Dublin continues to wrestle with issue of an eastern bypass for the city

A planning battle is likely to end up in the courts

 

More than 40 years have passed since proposals were made to encase Dublin city in a “motorway box”, of which the C-shaped M50 is the most tangible element. Turning that “C” into an “O” by extending the Dublin Port Tunnel southwards to link up with the rest of the M50 has long been an objective of road engineers, since an eastern bypass of the city was first proposed. But this crucial missing link, as they would see it, is controversial, not least because of its potential impact on Sandymount Strand and the designation of Dublin Bay as a protected Natura 2000 site under the European Union habitats directive.

Over the years, the proposed eastern bypass motorway route has also been protected – for example, by An Bord Pleanála ensuring several years ago that a housing scheme at St Helen’s, near Booterstown, would not encroach on the road reservation. Most recently, the National Transport Authority’s Transport Strategy for the Greater Dublin Area 2016 - 2035 recommended “the retention of a route corridor for this scheme … to facilitate the possible future use of the corridor for transport provision”, although it also said that only “the section of the route from the Dublin Port Tunnel to the South Port area is included for delivery in this strategy”.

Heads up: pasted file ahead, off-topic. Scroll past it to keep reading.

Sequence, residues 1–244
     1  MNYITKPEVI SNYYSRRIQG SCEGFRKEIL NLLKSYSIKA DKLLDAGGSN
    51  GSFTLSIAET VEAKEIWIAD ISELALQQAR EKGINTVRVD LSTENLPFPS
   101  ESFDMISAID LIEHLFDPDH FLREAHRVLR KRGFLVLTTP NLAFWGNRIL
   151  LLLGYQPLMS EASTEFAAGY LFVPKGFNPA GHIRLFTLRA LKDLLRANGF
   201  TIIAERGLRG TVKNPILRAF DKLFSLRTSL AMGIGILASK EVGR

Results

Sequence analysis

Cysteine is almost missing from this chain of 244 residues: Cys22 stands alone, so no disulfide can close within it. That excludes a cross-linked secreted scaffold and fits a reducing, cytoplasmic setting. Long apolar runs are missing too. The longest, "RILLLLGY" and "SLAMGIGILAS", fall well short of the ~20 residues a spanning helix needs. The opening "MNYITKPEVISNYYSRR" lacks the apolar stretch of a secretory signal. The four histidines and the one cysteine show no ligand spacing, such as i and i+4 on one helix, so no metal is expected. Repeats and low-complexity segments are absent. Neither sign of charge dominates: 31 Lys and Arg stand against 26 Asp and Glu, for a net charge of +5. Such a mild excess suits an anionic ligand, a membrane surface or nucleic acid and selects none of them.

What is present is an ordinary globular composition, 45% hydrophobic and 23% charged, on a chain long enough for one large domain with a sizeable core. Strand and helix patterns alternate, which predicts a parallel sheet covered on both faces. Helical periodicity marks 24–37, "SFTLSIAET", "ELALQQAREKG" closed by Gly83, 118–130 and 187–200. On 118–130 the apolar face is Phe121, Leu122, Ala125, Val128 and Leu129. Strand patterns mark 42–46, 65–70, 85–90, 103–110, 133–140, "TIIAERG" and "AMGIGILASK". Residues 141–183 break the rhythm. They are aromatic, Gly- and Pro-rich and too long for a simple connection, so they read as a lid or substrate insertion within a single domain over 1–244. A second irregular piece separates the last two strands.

When city councillors voted on May 30th to defy the NTA’s expressed wish to protect the proposed route, they were told by law agent Terence O’Keefe that removal of references to the eastern bypass in the draft city plan was “illegal” – a view reinforced by planning manager Jim Keogan, who said it was Government policy and “there is no discretion for us to decide otherwise. That is the law as it stands …”.

But if local democracy is to mean anything, surely the views of elected councillors who have a reserved function in relation to adopting the city plan must count for something. As Cllr Dermot Lacey (Labour) said, “I don’t care that an unelected quango has decided an eastern bypass is right for Dublin, I believe it is wrong for Dublin”. This row may very well end up in the High Court.

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